Universal Child Care, Maternal Employment, and Children’s Long-Run Outcomes: Evidence from the US Lanham Act of 1940

Source: Chris M. Herbst, Journal of Labor Economics, Vol. 35 no. 2, April 2017
(subscription required)

From the abstract:
This paper analyzes the US Lanham Act of 1940, a heavily subsidized and universal child care program administered during World War II. I first estimate its impact on maternal employment using a triple-differences model. I find that employment increased substantially following the introduction of the program. I then study children’s long-run labor market outcomes. Using Census data from 1970 to 1990, I assess well-being in a life-cycle framework by tracking cohorts of treated individuals throughout their prime working years. Results from difference-in-differences models suggest the program had persistent positive effects, with the largest benefits accruing to the most economically disadvantaged adults.

Targeted or Universal Coverage? Assessing Heterogeneity in the Effects of Universal Child Care

Source: Michael J. Kottelenberg, Steven F. Lehrer, Journal of Labor Economics, Ahead of Print, March 30, 2017
(subscription required)

From the abstract:
We provide evidence on the distributional effects of Quebec’s universal child care policy. Our analysis uncovers substantial policy relevant heterogeneity in the estimated effect of access to subsidized child care across two developmental score distributions for children from two-parent families. Whereas past research reported findings of negative effects on mothers and children from these families, igniting controversy, our estimates reveal a more nuanced image that formal child care can indeed boost developmental outcomes for children from some households: particularly disadvantaged single-parent households. We present suggestive evidence that the heterogeneity in policy effects is consistent with differences in home learning environments.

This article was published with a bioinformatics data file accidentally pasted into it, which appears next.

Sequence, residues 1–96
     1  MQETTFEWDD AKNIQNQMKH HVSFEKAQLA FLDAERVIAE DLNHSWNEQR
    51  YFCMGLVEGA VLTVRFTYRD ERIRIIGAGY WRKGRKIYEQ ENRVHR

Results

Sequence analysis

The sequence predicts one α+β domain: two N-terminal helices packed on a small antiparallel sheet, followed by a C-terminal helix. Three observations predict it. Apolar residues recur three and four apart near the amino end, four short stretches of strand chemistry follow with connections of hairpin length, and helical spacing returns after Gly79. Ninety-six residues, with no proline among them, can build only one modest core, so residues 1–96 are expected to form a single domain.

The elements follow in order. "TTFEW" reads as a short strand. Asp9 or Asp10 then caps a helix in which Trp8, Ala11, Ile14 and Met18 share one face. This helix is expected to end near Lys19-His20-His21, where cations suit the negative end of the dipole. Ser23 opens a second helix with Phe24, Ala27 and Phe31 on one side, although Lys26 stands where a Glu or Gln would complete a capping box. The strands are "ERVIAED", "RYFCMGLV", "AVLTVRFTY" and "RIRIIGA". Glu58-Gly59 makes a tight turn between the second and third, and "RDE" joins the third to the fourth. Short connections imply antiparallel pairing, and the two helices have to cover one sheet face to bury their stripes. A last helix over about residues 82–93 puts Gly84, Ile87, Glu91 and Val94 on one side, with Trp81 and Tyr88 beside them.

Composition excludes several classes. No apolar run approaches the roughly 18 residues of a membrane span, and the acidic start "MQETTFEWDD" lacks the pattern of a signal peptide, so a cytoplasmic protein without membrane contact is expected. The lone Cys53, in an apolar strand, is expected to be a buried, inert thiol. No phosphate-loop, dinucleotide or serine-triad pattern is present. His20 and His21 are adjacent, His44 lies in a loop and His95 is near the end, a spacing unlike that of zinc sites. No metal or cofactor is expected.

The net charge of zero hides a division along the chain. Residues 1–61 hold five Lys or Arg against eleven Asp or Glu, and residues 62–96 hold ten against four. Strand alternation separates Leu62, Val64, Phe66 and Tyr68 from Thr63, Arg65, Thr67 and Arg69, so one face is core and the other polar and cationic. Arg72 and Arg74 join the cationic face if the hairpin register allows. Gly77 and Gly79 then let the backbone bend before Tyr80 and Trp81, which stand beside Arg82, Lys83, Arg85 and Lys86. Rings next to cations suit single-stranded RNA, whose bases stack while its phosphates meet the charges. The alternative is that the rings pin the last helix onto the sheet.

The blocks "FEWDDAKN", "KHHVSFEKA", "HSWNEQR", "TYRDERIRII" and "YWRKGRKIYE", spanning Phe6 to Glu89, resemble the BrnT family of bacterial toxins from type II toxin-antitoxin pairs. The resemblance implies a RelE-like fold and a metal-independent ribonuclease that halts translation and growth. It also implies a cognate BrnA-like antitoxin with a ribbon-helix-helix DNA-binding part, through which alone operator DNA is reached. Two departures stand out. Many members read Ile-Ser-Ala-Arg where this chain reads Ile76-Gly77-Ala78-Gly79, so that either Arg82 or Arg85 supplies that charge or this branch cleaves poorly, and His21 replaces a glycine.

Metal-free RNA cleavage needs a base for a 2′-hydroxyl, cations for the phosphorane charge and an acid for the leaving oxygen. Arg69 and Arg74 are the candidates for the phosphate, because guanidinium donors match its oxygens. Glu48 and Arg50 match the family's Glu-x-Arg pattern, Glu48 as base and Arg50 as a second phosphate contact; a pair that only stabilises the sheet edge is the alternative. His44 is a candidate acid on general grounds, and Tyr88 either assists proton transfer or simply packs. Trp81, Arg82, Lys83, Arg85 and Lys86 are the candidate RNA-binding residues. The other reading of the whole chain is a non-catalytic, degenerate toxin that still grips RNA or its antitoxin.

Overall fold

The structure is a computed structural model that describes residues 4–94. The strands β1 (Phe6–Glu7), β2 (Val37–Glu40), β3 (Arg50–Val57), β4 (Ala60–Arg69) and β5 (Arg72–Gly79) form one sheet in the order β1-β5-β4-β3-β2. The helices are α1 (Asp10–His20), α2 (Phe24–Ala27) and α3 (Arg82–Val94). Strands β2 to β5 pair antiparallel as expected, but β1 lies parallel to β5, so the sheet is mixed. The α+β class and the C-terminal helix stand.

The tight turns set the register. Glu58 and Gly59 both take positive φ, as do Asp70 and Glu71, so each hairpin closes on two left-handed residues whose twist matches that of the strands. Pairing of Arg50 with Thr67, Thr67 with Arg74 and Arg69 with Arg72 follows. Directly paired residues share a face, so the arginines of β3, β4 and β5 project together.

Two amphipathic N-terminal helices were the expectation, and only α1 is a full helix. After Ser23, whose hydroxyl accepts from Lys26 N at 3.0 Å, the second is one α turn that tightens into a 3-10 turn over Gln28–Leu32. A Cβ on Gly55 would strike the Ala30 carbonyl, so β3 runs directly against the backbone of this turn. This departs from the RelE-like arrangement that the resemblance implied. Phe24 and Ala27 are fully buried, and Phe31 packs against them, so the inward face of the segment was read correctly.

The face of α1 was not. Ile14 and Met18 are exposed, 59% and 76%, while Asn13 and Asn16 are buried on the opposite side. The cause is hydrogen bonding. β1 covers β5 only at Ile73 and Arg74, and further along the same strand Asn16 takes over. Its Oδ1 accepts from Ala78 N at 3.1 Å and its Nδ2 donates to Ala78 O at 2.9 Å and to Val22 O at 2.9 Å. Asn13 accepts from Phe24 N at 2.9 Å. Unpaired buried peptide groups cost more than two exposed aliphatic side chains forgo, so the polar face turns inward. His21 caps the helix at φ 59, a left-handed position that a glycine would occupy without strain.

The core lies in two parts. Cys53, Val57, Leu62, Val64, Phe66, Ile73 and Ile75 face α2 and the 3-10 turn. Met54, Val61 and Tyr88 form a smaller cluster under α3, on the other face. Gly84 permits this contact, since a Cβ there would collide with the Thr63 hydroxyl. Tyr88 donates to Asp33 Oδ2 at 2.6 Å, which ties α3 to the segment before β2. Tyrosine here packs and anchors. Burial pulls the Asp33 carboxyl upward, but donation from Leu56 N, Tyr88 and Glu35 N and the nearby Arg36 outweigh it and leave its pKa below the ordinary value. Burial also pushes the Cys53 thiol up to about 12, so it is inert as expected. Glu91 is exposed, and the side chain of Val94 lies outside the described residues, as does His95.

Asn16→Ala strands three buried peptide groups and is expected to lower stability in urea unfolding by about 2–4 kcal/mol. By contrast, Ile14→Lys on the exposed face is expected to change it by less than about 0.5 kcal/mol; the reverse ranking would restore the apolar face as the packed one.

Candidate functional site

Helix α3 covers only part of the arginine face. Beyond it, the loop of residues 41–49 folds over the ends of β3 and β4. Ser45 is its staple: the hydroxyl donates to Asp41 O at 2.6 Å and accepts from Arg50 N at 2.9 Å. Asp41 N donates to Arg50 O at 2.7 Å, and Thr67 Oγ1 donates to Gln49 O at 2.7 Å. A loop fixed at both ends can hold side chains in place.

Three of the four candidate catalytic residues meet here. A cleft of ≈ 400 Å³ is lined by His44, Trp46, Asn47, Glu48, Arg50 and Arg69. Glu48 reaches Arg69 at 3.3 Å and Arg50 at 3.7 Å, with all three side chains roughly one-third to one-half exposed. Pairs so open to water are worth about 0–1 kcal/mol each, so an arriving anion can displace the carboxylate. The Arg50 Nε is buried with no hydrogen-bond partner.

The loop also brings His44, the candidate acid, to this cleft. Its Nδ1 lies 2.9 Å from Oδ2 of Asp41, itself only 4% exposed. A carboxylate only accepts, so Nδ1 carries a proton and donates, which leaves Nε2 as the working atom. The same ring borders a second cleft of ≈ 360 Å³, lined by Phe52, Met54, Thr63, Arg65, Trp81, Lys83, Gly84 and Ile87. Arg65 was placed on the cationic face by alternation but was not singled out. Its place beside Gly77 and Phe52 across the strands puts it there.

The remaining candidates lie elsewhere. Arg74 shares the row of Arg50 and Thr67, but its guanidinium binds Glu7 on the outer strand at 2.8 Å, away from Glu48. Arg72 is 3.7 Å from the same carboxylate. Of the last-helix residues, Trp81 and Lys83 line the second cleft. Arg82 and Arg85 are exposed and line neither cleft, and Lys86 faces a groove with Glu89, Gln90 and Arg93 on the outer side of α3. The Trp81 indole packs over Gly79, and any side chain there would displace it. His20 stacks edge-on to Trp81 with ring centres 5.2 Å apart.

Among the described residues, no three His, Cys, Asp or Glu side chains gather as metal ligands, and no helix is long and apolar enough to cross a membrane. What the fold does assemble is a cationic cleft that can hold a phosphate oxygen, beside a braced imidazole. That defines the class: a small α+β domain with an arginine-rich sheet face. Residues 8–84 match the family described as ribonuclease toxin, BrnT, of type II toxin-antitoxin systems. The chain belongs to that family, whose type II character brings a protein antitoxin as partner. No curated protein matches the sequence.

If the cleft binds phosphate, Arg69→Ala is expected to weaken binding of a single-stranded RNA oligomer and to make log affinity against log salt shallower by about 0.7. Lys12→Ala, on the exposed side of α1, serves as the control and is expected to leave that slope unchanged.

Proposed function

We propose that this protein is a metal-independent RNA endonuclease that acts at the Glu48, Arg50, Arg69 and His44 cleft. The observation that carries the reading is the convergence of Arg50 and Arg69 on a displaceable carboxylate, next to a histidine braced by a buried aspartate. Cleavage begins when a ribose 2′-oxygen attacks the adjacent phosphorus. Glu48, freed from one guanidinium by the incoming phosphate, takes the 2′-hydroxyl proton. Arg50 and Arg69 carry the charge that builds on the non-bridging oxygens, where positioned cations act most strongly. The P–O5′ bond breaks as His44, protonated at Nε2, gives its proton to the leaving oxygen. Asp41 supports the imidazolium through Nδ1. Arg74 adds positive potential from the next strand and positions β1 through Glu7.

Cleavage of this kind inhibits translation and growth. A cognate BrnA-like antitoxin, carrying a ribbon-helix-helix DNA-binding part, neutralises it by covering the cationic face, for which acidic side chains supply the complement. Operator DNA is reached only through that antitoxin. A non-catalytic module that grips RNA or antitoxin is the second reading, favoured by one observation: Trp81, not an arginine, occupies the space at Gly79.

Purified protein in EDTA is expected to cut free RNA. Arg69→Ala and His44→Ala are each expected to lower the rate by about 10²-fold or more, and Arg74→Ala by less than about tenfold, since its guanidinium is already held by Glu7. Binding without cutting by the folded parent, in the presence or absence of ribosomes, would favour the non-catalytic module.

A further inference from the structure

Connecting All Children to High-Quality Early Care and Education: Promising Strategies From the International Community

Source: American Institutes for Research, Issue Brief, October 2016

From the summary:
In Europe, rich and poor kids alike are enrolling in early care and preschool programs in large numbers. These accomplishments offer us insights for our collective efforts to strengthen early education in the U.S….
Related:
Report

Child Care: Access to Subsidies and Strategies to Manage Demand Vary Across States

Source: United States Government Accountability Office, GAO-17-60, December 2016

From the summary: